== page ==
Spicy Mustard Greens
3 tablespoons of olive oil
2 coarsely chopped medium onions
6 cloves of chopped garlic
1 tablespoon of cumin seeds (or 1 teaspoon of ground cumin)
1/2 teaspoon of dried crushed red pepper
1 bag or 2 large bunches of mustard greens rinsed thoroughly, veined and chopped (about 7 cups)
1 tablespoon of balsamic vinegar

Bring a large skillet to temperature over medium-high heat before adding the olive oil and onions. Saute until the onions are very soft and starting to caramelize which should take about 7 minutes. Stir in the garlic, the cumin, and the crushed red pepper and cook for another 3 minutes. Add the mustard greens to the pot in three or four batches, about two cups at a time, and stir until each batch starts to wilt before adding the next one. batch. Change the heat to low and cover. Stir frequently until the greens are very tender and cook for about 30 minutes. Taste before seasoning with salt and pepper and stir in the vinegar. While best served hot, it isn't bad at room temperature either. Makes about six servings.

Baked Chocolate Pasta with Ricotta and Raspberry Cream Sauce
1 10-ounce package of chocolate pasta
3 cups of ricotta cheese
1 cup of light cream
1/2 cup of raspberry sauce 1/4 cup of fresh raspberries, rinsed and set to dry

Preheat the oven to 425° F. Bring a pot of water to a boil and cook the pasta for a minute or two less than suggested on the package since it will continue cooking in the oven. While the water comes to a boil and the pasta cooks, combine the cheese, cream and raspberry sauce in a bowl. Grease a glass casserole dish. Once the pasta is cooked, drain it and pour it into the bowl, stir slightly to combine and then pour everything into the greased dish. Using a spatula or spoon, spread the contents evenly in the dish. Place it in the middle of the oven and let it cook for about 20-25 minutes, or until the top is golden-brown. Remove it from the oven and let it cool for about 10 minutes before serving. Place a few fresh raspberries on top of each dish for garnish and serve.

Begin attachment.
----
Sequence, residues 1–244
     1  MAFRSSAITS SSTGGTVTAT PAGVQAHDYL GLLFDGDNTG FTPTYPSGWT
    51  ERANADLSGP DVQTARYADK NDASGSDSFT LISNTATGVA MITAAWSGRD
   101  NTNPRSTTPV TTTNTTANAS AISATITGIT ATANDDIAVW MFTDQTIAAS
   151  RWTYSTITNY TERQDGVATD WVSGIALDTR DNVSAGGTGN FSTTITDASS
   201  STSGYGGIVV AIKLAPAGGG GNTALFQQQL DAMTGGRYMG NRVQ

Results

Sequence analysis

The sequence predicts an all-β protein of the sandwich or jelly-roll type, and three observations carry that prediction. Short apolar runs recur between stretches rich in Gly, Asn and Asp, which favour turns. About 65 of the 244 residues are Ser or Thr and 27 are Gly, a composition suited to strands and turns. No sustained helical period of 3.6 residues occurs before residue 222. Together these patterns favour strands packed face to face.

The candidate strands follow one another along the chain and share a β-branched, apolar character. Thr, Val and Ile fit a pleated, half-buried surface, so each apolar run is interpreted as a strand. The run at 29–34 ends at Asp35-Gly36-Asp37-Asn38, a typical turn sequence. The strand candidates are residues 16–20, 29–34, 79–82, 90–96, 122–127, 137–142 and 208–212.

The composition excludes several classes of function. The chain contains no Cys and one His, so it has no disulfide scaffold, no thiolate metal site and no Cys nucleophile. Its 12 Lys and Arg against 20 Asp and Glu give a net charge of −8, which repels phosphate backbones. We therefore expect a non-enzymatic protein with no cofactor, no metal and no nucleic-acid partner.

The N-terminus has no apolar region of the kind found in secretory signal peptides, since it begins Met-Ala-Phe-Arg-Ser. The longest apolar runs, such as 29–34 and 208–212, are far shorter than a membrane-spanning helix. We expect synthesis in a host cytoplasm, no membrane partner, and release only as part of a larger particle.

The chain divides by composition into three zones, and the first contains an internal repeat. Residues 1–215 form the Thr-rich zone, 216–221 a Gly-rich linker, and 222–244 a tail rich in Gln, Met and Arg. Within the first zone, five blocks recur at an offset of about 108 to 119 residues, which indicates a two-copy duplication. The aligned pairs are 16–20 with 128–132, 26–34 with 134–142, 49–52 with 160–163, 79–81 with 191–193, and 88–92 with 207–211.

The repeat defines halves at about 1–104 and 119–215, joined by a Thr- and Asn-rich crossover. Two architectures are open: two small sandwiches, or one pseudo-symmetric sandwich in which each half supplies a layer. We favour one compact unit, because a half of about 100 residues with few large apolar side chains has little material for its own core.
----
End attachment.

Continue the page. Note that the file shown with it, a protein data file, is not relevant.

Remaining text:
Sometimes the best way to kick away a food rut is to just wander the aisles of your favorite grocery store and look for something you've never seen or eaten before. Even your large chain store is likely to have something unusual and interesting that will get you researching and eating differently. Variety in your diet is very important, after all.

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About the Author(s)

Cinnamon Cooper is an untrained cook. Most of what she's learned has been by accident. The rest has been gained by reading cookbooks, watching The Food Network and by scouring the Internet. Oh, and she also hates following recipes but loves the irony of writing them down for others to follow.